Paul Richards is caddying for George Zahringer at the USGA Senior Amateur at The Beverly Country Club in Chicago. Richards will file daily reports for Golfweek.com detailing his experience on the bag and inside the ropes.
CHICAGO – In my long and ‘illustrious’ (cough, cough) caddie career, the best score I can recall looping for was a 66 by Duke Delcher, who at that time played on the PGA Tour, but has since regained his amateur status. If memory serves me correctly, he shot a pair of 33s during that round. He was such a nice guy that he actually asked me to go on Tour with him as his caddie. However, I wasn’t prepared to quit college for that life – so it was, “Thanks, but no thanks.”
Soon after Beverly reopened following Ron Prichard’s 2004 restoration, I hosted a friend, Dan Jennings, who has been club champion at Los Angeles Country Club multiple times. Jennings played college golf at Arizona for the national championship team that included Jim Furyk. Jennings scraped away his 6-inch par putt on the first green – so his score is unofficial – but he still recorded seven birdies with just one bogey . . . and that was from the tips! His 65 would have been the new course record, except for that scrape-away, of course.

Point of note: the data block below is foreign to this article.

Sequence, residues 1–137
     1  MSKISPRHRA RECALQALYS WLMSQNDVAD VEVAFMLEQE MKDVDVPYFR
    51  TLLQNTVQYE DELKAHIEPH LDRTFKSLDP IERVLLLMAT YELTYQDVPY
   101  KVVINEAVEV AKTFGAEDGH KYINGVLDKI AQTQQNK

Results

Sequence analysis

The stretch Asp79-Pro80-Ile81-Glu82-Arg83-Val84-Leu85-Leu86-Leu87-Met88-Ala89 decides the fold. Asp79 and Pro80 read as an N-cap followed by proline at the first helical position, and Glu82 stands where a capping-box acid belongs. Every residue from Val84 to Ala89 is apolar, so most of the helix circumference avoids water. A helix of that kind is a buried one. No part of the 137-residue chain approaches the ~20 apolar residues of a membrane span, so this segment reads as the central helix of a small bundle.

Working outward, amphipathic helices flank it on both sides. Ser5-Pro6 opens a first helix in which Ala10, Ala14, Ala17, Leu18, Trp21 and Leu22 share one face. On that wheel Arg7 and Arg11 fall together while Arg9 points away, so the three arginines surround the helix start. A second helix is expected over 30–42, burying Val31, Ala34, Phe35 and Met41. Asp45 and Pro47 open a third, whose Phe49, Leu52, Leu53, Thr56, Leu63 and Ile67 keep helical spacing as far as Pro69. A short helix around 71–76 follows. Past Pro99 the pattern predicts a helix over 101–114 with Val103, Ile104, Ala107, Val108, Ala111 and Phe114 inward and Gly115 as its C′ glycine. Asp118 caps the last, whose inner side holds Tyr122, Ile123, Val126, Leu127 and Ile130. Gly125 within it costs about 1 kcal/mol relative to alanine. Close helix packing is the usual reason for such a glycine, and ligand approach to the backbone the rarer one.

Today was the first round of match-play at the USGA Senior Amateur. George was paired against John Benson, a nice fellow from Punxsutawney, Pa. George started strong with a par at No. 1 and a 18-footer for birdie at No. 2. He two-putted for par at the third, and a par at No. 4 left him 3-up in the match. At No. 7, his second shot reached the left greenside bunker and, almost impossibly, George proceeded to hole out his third shot for eagle. At No. 9, his wedge approach ended up 12 inches away and his birdie was conceded. He was 5 up after a front-nine 32.
This was undoubtedly the best ball-striking nine holes of golf I have ever seen as a caddie. George hit eveny green in regulation and only missed one fairway, the second – yet still made birdie. I feel his confidence in my green-reading ability is growing.
At No. 10, George left his birdie putt short, dead on line – despite an acorn that fell just as he started his backstroke and bounced next to his ball. This was just another demonstration of George’s intense concentration. A few missed shots on Nos. 11-13 left the door open for a comeback by Benson. But George’s 7-iron shot to 18 feet at No. 15 closed out the match.
What amazed me today, besides his scorching 32 on the front, was the fact that despite the shortish nature of the set-up and the slower greens, the USGA did a fantastic job of finding interesting pin positions on these Donald Ross greens that have tested the players thoroughly.
Our match tomorrow begins at 9:03 a.m. The USGA has disallowed caddies from wearing golf shoes, so I switched to my jogging shoes. Despite having survived 36 hole a day in Ireland for eight days in June with the golf spikes, I am collecting blisters all over with these jogging shoes. Time to rest these tired feet!